‘Finding an Audience’

By: W N Herbert,

Could there be an audience in Bristol eager to hear poetry from Somaliland and Sudan on a Sunday afternoon? Having spent most of the day before on a slow train paddling down from Newcastle and worrying about a missing notebook, it was something of a relief to fret about an audience instead. Would it extend to two men and a hungover dog? Could we in fact request a dog-only audience? Would Sarah arrive safely through the flood waters? Would she bring the vital CDs of Gaarriye and Al-Saddiq Al-Raddi and would they be playable? Would the dog's hangover make it pliable? So many alarming issues to settle in the time it takes to down four espressos.

Fortunately the Bristol Festival is run by the deeply knowledgeable, highly capable and endlessly enthusiastic Colin Brown, who asserted that we would have an ample and informed audience -- and was not proven wrong. No sooner had I been greeted than Sarah arrived (well before the nick of time needed to be nocked), the excellent venue took sound checks in its gaunt, bobbly-hatted stride, and there we were, launching the Poetry Translation Centre's World Poets Tour with our newly-delivered pamphlets clutched in excited hands.

Sarah spelt out how that special combination of dream ticket and logistical nightmare which is the Tour came into being, from its seeds in SOAS to the independent juggernaut about to roll through major festivals nationwide. She emphasised how important it is that we engage with the poetry of nations which the media and indeed government present to us as Nowheres Special or even no go zones, and how transformative it has proven for all our imaginations. Then, explaining that Somali makes Arabic look like Esperanto, she asked me about how I translated one of the finest and most significant writers in that tongue, Maxamed Xaashi Dhamac, or Gaarriye.

How do you convey the particular mixture of privilege and thrill which working on a gifted poet gives you? Especially when the language is as distant-seeming as Somali, and your key co-conspirator, the fluent expert Martin Orwin, is somewhere east of Aleppo? What about the fact that Somali is still principally an oral poetry, tested on the ear and transmitted more by cassettes than books; that the Somalis are poetry mad and Gaarriye is a star and public figure (with all the difficulties of responsibility versus independence that entails) on a scale Mayakovsky would have envied?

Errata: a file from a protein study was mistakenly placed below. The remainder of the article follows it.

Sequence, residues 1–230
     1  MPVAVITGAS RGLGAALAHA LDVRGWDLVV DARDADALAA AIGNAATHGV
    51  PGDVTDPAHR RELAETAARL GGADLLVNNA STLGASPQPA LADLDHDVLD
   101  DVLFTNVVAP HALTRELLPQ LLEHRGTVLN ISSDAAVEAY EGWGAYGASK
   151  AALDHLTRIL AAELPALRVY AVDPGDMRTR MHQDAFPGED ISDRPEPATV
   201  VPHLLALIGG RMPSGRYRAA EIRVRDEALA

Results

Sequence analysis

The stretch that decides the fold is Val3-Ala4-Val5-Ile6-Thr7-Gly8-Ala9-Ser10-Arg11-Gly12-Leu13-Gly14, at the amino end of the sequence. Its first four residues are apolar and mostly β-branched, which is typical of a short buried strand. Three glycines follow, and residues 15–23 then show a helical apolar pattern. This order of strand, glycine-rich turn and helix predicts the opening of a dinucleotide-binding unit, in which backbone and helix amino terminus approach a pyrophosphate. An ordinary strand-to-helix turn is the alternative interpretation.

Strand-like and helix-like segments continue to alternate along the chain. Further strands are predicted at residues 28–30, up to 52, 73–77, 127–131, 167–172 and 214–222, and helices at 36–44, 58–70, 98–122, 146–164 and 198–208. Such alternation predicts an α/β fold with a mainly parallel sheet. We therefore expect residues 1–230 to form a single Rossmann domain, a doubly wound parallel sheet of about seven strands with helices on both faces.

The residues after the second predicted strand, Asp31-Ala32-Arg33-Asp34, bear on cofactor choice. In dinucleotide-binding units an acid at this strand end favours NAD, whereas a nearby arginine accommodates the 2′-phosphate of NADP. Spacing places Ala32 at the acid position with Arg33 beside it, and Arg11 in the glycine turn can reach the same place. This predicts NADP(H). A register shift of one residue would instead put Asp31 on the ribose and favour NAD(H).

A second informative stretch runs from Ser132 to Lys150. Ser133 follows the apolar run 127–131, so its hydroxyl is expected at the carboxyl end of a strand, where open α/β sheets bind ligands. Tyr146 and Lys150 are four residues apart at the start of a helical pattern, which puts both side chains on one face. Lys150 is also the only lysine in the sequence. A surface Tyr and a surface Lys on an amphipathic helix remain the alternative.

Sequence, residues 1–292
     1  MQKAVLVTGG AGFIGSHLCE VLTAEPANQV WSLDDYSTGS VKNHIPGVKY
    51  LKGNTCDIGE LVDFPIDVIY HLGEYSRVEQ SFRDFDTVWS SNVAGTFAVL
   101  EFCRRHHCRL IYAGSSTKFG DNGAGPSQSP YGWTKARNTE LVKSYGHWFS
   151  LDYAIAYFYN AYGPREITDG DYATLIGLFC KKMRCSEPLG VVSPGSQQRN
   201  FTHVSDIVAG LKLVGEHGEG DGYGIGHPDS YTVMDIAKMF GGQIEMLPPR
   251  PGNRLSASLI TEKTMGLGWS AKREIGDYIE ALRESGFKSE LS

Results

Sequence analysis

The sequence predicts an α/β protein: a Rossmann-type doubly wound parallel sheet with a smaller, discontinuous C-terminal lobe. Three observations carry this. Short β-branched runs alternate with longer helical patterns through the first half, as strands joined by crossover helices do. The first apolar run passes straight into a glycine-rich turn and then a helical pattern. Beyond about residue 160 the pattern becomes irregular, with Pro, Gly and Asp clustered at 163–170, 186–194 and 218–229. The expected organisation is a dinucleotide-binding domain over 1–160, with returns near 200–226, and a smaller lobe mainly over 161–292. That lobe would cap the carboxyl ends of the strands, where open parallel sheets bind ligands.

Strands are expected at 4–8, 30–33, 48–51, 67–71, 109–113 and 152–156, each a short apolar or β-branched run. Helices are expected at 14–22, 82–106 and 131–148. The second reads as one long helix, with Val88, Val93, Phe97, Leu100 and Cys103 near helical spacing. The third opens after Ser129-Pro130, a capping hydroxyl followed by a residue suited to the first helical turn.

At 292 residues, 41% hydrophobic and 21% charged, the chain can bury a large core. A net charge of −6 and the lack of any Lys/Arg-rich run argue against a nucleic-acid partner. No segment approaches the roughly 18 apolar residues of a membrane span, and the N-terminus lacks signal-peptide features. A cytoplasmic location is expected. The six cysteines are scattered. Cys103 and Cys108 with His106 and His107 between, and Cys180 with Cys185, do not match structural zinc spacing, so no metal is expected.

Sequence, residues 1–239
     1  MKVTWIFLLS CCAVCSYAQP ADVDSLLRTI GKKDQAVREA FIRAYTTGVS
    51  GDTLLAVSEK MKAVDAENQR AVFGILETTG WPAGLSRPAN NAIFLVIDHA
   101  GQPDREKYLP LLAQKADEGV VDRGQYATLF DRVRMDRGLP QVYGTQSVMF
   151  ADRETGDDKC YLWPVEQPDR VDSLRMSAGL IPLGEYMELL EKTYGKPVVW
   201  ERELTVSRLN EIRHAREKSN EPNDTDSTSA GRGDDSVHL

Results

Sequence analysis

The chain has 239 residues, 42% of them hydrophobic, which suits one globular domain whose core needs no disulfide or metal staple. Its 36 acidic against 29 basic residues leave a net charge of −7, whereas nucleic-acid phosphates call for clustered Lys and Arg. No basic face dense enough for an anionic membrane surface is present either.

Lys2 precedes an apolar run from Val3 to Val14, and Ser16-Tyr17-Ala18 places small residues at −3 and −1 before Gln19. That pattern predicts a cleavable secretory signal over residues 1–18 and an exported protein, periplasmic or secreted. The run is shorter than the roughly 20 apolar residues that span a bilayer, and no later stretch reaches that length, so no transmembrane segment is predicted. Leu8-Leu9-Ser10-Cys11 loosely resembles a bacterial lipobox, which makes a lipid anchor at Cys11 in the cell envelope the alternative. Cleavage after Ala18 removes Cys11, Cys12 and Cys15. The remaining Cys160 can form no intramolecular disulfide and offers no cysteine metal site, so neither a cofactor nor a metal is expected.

What about the fact in the early 70s that he sat on the committee that regulated which script Somali would be written in? That he wrote influentially on the complex metres and alliterative framework Somali poetry is built from? That he did all this at the same time as writing the two poems I read, the ars poetica 'Uurkubbaale' (Seer) and the compressed Prelude 'Garaad-Daran' (Self-misunderstood)? How do you do justice to a poet living through and contributing to a moment of the same order of cultural importance as the Romantic period is to us?

Ah well, as Sarah explained about the work of Al-Saddiq Al-Raddi, the Sudanese poet who'd survived imprisonment and evaded censorship through his courage and his brilliant and complex use of imagery, no-one said translation would be easy. In fact, translating Arabic, a language so ontologically and epistemologically distinct from English is, she remarked, like pouring water through a sieve: only droplets remain. Brilliant, fascinating droplets, like the crowns of ancient kings made out of 'shards of skeletons/fishheads/unpronounceable words' but droplets nonetheless.

She emphasised that, thanks to the previous tour, Al-Saddiq was producing an entire book about his experiences, that it had introduced a shift in direction for his work: proof that, by attending these readings, by buying these works, we don't merely peer through the lens of translation, we contribute towards change -- hopefully positively.

Which is why it was all the more delightful to be so warmly appreciated and carefully questioned. How did you pair up the poets? Like a matchmaker, as Sarah explained, it's a passionate arrangement. How do you avoid producing versions rather than translations? Well, in the titanic contest between the task and one's ego, some don't. How do
you translate from a language you don't know? The real translator must come in, like a marriage counsellor, negotiating line by line between original and target languages, original and secondary imaginations.

Translation is like poetry for vampires: your whole excitement is in the encounter with the strange sound-world, the syntax, the extraordinary imagery, the complex cultural references, of the other -- and yet the task is to find some deep connection with your own writing, your own world: to seek out the familiar in others, the exotic in yourself. I was astounded to discover Somali poetry, with its long, intricate, improvisatory, alliterative riffs, was so direct in its address, so dazzling in its metaphysical subtlety. With Gaarriye as my introduction, I began to imagine a nation of Ginsbergs, Kerouacs howling and hymning, psalms for the sorted, suras for all sorts. Astounding -- but then you come into this business to be astounded.

So, apparently, did the audience, who crowded around Sarah at the end, full of praises and waving fivers to snap up the first pressings of what promises to be a very good year for poetry in translation.